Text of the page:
The David Ross Sports Village is soon to be completed. After the announcement of the £40 million investment and the rather quick development, given its 3480 square metre refurbishment, we are now able to gaze at its full glory when another university year rolls around in September. The new sports village will feature 20 badminton courts, courts for any sport you can imagine (korfball, futsal, you name it!), a 200 station “fitness suite”, climbing wall – the list goes on and on. In the University’s own words, “it is the largest sports hall of any university in the UK”.
The true showstopper, however, has been the membership increase to £199, against which a petition has already been created. The negative reactions towards the new figure have been immense, but why are we so surprised? Honestly, the previous membership of £120 was peanuts compared to what students at other universities pay. University of Bath’s membership can set you back £279 for peak times, let’s not forget that.
There was a membership survey undertaken by 2200 students across all campuses, which resulted in a lot of support for staying under £200, as well as having an early bird offer. The University’s Commercial Governance Board did indeed take the survey results into consideration, but the backlash has still been harsh. To be fair, by making the membership cost £199, we are below £200, and then there’s the underwhelming discount of £10 off the original price in the early bird offer…
“The fact is that £199 for starting off as a sports membership is just quite a lot of money”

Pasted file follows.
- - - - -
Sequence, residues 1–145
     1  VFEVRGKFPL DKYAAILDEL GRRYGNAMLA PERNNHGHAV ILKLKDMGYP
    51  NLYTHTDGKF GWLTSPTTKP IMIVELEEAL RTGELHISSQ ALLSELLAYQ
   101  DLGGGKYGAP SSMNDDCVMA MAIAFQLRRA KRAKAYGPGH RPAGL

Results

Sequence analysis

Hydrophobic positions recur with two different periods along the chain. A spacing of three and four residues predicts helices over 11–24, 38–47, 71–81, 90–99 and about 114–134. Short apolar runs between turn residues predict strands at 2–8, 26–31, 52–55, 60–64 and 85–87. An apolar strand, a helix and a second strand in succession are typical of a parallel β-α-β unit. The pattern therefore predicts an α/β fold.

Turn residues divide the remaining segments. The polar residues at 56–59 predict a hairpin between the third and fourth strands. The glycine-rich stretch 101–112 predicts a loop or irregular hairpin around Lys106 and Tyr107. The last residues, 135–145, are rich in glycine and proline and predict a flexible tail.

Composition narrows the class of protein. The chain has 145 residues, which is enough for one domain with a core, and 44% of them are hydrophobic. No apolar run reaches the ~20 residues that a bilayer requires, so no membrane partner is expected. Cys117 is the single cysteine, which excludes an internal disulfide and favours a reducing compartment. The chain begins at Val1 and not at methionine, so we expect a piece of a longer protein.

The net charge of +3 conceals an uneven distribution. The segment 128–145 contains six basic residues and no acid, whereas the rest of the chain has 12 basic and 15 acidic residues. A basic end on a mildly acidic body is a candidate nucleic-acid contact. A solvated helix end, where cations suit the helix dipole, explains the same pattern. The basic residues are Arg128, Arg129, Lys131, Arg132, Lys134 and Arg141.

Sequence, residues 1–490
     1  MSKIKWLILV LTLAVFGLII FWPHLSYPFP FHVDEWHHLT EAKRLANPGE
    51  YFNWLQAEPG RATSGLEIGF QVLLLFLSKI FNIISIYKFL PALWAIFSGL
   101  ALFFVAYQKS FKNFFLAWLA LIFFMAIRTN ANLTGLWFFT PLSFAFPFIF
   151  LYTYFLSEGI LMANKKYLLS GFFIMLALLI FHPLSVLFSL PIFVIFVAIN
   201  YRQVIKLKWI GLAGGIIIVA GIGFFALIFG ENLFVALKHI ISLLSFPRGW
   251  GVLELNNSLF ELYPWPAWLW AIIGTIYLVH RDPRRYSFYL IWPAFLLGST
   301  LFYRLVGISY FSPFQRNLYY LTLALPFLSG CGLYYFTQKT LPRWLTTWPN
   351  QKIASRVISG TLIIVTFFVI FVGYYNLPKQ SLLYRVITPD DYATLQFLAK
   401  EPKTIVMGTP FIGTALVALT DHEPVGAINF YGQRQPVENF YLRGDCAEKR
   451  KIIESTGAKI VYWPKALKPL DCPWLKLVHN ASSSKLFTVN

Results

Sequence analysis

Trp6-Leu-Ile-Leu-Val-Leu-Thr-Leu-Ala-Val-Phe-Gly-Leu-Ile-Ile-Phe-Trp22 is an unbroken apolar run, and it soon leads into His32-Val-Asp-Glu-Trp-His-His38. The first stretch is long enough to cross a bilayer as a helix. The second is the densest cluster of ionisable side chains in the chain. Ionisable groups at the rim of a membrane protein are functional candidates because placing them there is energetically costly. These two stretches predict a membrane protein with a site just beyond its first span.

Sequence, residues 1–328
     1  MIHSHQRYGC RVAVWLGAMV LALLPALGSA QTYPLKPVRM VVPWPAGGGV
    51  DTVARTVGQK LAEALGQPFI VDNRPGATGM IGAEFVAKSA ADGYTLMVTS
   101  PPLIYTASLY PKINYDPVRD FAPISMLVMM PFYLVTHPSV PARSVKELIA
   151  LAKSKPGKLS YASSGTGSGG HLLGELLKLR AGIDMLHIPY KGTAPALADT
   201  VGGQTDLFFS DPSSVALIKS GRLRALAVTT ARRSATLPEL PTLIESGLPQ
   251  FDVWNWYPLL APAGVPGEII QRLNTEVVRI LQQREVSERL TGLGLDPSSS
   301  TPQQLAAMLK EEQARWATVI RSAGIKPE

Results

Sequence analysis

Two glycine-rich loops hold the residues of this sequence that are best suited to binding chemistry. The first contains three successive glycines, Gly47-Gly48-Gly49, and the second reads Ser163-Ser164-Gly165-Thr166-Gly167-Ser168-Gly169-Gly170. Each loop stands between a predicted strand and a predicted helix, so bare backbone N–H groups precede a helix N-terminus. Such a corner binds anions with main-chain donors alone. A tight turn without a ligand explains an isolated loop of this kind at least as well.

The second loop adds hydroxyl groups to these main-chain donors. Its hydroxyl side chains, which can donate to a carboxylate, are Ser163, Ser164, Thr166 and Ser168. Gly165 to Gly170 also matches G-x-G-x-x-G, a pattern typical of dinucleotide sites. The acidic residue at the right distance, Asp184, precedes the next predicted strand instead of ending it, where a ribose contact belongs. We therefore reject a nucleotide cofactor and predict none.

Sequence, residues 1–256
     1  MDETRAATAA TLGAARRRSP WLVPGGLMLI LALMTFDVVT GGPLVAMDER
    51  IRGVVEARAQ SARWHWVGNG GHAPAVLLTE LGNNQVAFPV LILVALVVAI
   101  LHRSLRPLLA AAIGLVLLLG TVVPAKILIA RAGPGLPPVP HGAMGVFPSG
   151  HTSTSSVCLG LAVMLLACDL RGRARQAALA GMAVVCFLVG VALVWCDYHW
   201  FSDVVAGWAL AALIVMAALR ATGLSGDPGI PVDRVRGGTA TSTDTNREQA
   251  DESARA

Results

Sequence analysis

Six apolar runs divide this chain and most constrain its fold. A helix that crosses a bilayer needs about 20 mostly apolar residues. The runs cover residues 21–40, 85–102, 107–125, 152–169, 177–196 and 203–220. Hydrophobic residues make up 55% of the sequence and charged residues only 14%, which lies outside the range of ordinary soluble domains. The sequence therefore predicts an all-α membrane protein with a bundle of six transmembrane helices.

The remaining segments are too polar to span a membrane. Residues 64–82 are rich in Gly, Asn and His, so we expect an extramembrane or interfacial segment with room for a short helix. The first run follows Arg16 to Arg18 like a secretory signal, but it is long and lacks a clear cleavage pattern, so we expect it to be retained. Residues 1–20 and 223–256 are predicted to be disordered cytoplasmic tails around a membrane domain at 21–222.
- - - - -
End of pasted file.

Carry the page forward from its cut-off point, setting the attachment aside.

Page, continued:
It is clear why many have chosen to speak out against it, with a range of issues being voiced. What about people only involved in one sports society and non-gym-goers? The fact is that £199 for starting off as a sports membership is just quite a lot of money. As one of the University’s positive attributes is its diversity and the fact that it is full of people from different backgrounds, the low cost of the UoN sports membership has meant that sport is more accessible and enables students to be a part of the University’s sport community in multiple ways. The higher cost will make any student think twice about their involvement.
Add on separate sport societies’ memberships and the stash, trips and other expenses, and the whole thing becomes bloody expensive. The David Ross Sports Village is part of the bigger 6-year Vision For Sport, which aims to increase the participation and improve the overall offer of sports at the University. The petition offers a useful solution to the dilemma which may help to achieve that vision: the multi-tier membership. But what exactly does the future of UoN’s Sport Department hold? A bright future with better sports or £40 million that could’ve been allocated better?
Image: Victor via Flickr